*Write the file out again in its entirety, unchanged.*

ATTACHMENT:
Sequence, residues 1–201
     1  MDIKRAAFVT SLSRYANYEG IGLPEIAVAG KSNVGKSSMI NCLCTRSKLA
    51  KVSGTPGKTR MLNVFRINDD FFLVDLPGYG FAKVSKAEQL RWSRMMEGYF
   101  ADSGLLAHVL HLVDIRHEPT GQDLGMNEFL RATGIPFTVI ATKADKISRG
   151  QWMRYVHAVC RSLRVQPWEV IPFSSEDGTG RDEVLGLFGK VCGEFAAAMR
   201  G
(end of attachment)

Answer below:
Sequence, residues 1–201
     1  MDIKRAAFVT SLSRYANYEG IGLPEIAVAG KSNVGKSSMI NCLCTRSKLA
    51  KVSGTPGKTR MLNVFRINDD FFLVDLPGYG FAKVSKAEQL RWSRMMEGYF
   101  ADSGLLAHVL HLVDIRHEPT GQDLGMNEFL RATGIPFTVI ATKADKISRG
   151  QWMRYVHAVC RSLRVQPWEV IPFSSEDGTG RDEVLGLFGK VCGEFAAAMR
   201  G